Developing future translational scientists through authentic learning and assessments

Emma Tumilty, Heidi Spratt, Christina Cestone, Kevin Wooten, Judith Aronson, Jonathan Hommel, Mark R. Hellmich, Celia Chao

Research output: Contribution to journalArticlepeer-review


The Interprofessional Research Design course uses authentic learning pedagogy to bring together students from different education tracks (PhD, MD, MD/PhD training) to engage in interprofessional collaborative skills toward completion of a capstone project, a National Health Institutes (NIH) R21-style grant proposal. The course, underpinned by principles of team science, begins with a leadership training workshop to introduce students to effective leadership and teamwork strategies for interprofessional team environments. We used several assessments during the course to monitor leadership and team dynamics. We analyzed three assessments (leadership self-efficacy testing, iterative team contracts and reflective essays) to better understand students’ learning experiences. Self-efficacy testing was administered before leadership training (pre) and at the end of the course (post-then); scores were analyzed using a repeated repeated measures ANOVA. Iterative team contracts were analyzed qualitatively using both deductive and descriptive methods. Reflective essays were analyzed using a general inductive approach. Nine teams of 32 students (23 MD; 9 PhD) participated in the class over 2017-2018. Self-efficacy testing using post-then timing to control for response shift showed a statistically significant increase in self-efficacy across all measures. Deductive qualitative analysis of iterative contracting showed evidence of team processes which support successful team performance; and descriptive analysis mapped productive behaviors. In reflective essays, seven of the nine teams collectively described their experiences positively; e.g., themes included empathizing with group members, sophisticated communication and collaborative workflow/styles. For negative experiences, themes were related to basic communication, poor integration and the theory-practice gap of leadership training. These findings demonstrate the usefulness of an authentic learning pedagogy focused on teaching the practice of team science.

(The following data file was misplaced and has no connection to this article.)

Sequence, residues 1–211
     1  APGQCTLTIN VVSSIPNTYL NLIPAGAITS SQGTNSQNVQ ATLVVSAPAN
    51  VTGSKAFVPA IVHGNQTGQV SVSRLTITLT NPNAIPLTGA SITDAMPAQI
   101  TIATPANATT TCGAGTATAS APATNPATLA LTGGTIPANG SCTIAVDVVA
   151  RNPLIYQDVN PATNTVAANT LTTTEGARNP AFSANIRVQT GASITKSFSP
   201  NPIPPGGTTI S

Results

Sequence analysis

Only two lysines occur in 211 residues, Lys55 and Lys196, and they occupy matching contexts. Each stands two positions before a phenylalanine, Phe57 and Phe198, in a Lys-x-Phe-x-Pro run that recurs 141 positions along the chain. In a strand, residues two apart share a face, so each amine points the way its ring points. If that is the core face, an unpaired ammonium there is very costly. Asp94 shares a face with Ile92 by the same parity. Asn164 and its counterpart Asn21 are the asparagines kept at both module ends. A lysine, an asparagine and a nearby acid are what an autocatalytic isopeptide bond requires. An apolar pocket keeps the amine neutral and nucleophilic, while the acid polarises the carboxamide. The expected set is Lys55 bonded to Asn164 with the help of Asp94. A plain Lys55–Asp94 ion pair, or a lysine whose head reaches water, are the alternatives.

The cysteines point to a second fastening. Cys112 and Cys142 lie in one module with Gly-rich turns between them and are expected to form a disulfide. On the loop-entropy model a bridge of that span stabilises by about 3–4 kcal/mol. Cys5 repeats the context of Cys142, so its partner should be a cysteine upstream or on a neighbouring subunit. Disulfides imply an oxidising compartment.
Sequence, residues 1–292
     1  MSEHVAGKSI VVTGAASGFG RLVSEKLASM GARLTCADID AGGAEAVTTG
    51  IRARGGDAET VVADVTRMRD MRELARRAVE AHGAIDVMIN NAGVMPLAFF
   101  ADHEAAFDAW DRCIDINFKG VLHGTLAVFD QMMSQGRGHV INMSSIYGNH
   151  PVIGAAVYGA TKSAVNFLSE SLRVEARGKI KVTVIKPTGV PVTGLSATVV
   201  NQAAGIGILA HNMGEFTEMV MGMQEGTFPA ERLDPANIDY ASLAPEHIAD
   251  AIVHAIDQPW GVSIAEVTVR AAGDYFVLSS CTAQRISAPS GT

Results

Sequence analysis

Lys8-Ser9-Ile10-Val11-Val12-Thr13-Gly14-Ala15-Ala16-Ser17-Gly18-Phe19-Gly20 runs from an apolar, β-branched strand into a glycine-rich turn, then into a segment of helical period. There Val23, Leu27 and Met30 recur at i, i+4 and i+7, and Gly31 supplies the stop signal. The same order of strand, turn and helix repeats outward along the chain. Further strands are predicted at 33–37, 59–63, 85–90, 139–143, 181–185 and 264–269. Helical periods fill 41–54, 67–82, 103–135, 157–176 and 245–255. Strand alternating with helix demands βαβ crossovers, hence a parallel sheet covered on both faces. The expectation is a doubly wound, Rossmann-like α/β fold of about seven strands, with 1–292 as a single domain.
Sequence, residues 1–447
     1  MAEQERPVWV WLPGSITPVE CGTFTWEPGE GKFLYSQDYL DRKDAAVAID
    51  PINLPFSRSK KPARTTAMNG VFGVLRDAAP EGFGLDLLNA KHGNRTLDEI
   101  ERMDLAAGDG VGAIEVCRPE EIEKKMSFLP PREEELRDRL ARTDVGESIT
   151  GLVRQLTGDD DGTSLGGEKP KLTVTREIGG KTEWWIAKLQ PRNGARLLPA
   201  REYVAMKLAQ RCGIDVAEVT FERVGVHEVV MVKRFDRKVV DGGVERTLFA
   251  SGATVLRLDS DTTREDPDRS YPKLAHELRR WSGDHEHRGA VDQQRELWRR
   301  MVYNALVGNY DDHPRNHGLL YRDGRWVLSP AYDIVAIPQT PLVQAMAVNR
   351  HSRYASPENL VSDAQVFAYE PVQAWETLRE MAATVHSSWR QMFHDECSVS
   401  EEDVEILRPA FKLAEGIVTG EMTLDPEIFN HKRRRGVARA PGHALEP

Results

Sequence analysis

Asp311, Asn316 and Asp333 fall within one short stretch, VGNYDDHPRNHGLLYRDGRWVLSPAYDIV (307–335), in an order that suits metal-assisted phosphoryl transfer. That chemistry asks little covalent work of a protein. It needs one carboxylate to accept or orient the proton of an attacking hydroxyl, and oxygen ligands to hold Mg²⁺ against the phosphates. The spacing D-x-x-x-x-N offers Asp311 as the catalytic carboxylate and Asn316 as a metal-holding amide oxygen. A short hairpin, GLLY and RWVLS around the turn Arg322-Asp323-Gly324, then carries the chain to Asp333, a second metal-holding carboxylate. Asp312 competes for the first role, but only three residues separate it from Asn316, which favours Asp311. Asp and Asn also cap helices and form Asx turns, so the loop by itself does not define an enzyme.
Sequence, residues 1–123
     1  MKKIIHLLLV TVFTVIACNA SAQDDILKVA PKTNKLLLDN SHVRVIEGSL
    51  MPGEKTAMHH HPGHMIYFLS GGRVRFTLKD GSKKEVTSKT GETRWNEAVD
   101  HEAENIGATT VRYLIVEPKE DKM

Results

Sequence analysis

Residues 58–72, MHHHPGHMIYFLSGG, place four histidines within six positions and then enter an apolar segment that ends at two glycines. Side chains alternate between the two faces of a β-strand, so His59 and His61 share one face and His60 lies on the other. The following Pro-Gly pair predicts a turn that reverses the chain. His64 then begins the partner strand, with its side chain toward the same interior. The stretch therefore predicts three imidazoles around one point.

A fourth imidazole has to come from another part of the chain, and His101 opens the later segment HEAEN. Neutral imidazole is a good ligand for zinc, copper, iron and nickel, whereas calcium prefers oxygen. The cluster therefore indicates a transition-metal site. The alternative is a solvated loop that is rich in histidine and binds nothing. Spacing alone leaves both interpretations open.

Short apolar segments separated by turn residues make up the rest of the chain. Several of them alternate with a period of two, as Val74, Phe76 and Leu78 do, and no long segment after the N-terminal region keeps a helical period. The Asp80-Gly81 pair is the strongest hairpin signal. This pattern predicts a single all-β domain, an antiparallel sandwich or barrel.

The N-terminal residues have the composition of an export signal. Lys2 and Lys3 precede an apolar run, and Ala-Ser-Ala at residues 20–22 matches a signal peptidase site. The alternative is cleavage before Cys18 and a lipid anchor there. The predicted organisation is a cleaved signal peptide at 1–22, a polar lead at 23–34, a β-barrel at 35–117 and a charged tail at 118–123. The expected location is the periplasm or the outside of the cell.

Original languageEnglish (US)
Article number100151
JournalInternational Journal of Educational Research Open
StatePublished - Jan 2022


  • communication
  • graduate students
  • interprofessional education
  • leadership
  • medical students
  • team science
  • translational science

ASJC Scopus subject areas

  • Education


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